Why would Reebok International, which last year suffered a 13.6 per cent drop in US footwear sales, try to stop online retailers from selling its products?
Despite weak sales, Reebok has some good reasons for wanting to control its retail channels. The company fears unauthorised discounting that undermines the value of its brand. The threat is particularly acute online.
To fight the trend, Reebok plans to dole out a "Certified Reebok Internet Partners" designation to select retailers, says Roger Wood, VP of global e-commerce and direct marketing at Reebok.
Although Reebok won't say who it plans to work with, the policy would apply to chains like Copeland's Sports, which operates Sports Superstore Online, and Web-only retailers like Fogdog Sports.
Online discounting is good news for consumers but scary for companies like Reebok. Last week The Standard bought a pair of men's cross-trainers for $US41, including shipping, on eBay. The seller says he bought the shoes, which had a $99 price tag attached, on sale at a Toronto-area Hudson's Bay department store. Reebok says the shoes retail for $69.99 in the US.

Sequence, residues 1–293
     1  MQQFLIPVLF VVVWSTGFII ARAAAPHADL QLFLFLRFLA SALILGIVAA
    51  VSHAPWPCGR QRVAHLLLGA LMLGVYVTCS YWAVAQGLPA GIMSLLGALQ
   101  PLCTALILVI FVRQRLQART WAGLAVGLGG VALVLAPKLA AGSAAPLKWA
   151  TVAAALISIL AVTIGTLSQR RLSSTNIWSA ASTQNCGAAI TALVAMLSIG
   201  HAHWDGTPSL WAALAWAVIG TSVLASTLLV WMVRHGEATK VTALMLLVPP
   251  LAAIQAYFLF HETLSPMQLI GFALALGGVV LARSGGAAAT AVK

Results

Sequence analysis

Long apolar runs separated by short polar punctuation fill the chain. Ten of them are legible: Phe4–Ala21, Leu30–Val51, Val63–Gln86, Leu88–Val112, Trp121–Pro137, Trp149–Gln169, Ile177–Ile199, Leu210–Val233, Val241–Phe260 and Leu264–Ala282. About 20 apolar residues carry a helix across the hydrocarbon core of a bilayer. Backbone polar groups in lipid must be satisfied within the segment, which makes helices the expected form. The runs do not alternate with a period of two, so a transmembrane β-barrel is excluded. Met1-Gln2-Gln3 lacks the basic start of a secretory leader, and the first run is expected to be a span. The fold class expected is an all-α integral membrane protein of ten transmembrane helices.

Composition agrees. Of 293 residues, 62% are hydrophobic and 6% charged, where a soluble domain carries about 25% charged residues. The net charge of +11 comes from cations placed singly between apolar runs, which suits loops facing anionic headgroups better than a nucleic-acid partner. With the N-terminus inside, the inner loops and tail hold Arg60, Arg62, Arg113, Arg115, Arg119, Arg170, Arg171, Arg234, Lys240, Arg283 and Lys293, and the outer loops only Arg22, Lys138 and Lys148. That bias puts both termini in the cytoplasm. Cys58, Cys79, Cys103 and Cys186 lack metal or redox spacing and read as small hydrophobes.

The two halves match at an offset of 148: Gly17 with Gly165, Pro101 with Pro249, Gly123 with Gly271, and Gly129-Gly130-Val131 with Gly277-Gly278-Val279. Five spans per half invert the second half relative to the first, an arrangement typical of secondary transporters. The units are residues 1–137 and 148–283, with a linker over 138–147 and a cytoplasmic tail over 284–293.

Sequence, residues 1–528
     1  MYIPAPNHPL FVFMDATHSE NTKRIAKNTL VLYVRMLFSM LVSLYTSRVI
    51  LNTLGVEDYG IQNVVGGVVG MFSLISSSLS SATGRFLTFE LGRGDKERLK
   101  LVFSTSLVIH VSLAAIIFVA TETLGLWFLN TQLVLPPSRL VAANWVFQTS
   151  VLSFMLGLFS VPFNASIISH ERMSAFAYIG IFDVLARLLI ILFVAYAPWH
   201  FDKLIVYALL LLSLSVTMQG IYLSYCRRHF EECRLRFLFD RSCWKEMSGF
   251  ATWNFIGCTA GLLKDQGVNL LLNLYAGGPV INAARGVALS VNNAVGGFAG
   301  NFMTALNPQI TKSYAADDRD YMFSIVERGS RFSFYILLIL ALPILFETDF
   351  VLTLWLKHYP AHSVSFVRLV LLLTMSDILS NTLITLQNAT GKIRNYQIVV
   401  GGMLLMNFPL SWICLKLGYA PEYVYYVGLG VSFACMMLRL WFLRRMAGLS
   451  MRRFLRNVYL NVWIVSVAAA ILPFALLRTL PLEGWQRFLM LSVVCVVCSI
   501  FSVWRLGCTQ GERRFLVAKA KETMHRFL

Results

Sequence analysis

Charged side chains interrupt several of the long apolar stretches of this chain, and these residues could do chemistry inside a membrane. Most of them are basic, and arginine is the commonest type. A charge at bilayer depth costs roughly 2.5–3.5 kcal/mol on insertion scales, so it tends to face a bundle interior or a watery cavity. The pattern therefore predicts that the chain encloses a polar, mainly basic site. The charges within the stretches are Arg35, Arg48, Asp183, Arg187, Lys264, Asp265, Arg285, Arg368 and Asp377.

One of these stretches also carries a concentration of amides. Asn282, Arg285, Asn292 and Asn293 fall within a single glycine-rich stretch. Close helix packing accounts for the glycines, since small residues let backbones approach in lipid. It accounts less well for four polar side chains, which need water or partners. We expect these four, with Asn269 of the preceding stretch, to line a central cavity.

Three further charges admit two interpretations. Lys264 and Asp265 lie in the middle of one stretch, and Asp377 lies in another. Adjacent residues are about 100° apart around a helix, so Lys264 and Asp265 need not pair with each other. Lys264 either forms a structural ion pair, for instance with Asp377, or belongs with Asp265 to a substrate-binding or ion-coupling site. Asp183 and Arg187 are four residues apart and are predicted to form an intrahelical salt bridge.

Reebok may find it hard to stop unauthorised online discounting. "Thousands and thousands of retailers are trying to survive. If they can get away with selling product to some kid on eBay undetected, they're going to do it," says Doug Dell, founder of SportingAuction, a sporting-goods liquidator.
Companies that dictate terms to their retailers usually have the upper hand when consumers -- and therefore retailers -- are clamouring for their products. One retail veteran from a major chain suggested Reebok doesn't have the clout to handpick its vendors. "Their shoes just aren't moving that well. If it was Nike saying it, that'd be a different story," he says.
Last year, in fact, contract retailers that wanted to sell Nike products online had to submit Web-site plans, according to a Nike spokesman. Similarly, Callaway Golf now requires online retailers to meet a set of e-commerce standards before it allows them to sell the company's products over the Web.
Says Reebok's Wood: "For a technobrander like myself, these are going to be interesting challenges in the next three years or so."